There is a musician in the house. That sometimes means we have beautiful music coming through the wall. More often it’s scales and arpeggios.
My old son Joseph is practicing again. Hands whizzing up and down the fretboard like creatures with an independent life.
There are two reasons for practicing. The first is to get good; the second is to stay good. You need to develop muscle strength and muscle memory: once you’ve got them you need to keep them. Let go and you start to lose both.
Eddie and I were watching the birds coping with a lively wind: buzzards, marsh harriers, herring and lesser black-backed gulls, and later a pair of red kites. All of them flying when they didn’t really need to.
There seemed to be very little territorial patrolling, pair-bonding formation flying, attacking of rivals, still less any active hunting going on. It all seemed – well a little aimless.
Then, as Eddie and I discussed wind and flying and Frisbees and how he’s getting much better at throwing and catching, I thought of Joe and his eternal arpeggios.
Perhaps these birds were flying for the same reason that Joseph practices the guitar. You need to keep the muscles and the skills at top level. Flying is a learned skill: young birds get better at it. You can observe the improvement in wild birds; a falconer can measure the improvement when training a young bird to hunt.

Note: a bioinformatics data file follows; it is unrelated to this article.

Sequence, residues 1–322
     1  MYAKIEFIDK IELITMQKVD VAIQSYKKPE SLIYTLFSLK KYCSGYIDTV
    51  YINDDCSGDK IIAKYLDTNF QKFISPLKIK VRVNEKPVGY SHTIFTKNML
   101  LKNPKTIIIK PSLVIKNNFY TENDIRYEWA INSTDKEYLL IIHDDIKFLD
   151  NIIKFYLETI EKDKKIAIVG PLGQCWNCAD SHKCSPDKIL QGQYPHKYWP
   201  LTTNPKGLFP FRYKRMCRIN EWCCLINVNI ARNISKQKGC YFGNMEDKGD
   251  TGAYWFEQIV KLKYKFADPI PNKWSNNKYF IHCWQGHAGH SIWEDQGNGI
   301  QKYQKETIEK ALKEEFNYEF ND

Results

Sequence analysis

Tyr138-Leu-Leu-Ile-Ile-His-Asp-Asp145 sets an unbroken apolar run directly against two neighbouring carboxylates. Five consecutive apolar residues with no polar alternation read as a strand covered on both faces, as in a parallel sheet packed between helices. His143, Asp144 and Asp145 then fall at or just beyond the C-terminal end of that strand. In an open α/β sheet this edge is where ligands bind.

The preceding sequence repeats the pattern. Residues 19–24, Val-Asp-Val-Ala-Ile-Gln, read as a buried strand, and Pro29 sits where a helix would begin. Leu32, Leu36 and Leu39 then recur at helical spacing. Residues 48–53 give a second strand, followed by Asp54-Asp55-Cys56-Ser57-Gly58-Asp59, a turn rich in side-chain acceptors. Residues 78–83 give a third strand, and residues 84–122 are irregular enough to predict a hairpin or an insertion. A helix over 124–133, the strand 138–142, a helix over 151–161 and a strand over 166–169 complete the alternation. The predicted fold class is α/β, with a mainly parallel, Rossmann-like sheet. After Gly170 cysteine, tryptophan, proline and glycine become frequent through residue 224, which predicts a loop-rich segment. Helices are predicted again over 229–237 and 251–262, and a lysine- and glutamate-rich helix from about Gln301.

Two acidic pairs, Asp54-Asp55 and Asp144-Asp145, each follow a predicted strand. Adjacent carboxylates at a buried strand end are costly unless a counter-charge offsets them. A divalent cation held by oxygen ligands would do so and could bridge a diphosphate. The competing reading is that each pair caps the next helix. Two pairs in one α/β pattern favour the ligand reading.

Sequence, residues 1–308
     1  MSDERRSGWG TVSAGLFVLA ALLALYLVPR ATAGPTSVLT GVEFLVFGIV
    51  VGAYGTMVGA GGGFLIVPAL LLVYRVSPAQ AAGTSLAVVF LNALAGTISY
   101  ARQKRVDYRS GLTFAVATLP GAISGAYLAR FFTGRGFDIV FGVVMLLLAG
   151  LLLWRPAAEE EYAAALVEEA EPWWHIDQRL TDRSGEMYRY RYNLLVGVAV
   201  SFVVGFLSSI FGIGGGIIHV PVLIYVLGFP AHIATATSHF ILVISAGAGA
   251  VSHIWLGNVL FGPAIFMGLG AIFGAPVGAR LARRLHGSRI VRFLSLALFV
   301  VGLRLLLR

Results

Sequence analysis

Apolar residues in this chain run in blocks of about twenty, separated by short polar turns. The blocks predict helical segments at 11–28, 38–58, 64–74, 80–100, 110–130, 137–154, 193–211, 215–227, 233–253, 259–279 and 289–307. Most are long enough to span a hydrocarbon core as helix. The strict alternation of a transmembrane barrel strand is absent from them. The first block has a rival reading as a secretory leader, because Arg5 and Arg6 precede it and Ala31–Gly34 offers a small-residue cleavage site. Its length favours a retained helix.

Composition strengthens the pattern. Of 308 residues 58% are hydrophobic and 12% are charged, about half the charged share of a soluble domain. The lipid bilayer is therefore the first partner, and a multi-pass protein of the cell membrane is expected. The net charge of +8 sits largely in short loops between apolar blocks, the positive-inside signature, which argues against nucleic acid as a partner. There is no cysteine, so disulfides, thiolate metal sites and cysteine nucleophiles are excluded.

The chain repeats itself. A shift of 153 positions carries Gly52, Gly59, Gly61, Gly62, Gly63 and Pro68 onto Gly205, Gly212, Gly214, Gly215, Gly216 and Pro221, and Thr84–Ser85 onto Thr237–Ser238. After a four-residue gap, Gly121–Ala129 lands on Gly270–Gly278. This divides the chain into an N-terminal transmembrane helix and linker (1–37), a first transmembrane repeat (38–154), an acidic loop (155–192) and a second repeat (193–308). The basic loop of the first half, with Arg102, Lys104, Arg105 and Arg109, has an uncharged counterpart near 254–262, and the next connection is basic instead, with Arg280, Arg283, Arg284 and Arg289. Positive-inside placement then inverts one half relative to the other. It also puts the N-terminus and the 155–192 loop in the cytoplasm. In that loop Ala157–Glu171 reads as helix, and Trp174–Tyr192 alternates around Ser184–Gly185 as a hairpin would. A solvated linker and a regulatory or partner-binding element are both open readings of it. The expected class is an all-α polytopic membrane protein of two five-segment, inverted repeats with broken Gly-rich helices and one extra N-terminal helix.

And perhaps when you have acquired the skill you need to practice it: to test and hone your abilities by riding a big wind, feeling the satisfaction of a tight and economical turn and the exhilaration of a long glide with the wind in your tail.
People are always writing stuff about birds of prey being magnificent and how their flight is both effortless and perfect. Well, it’s practice that makes perfect – an uncountable cluster of notes in a high-speed run down the fretboard, a decisive twisting dive that loses a hundred feet in a second. Lucky people – and as Gary Player said, the harder I practice, the luckier I get.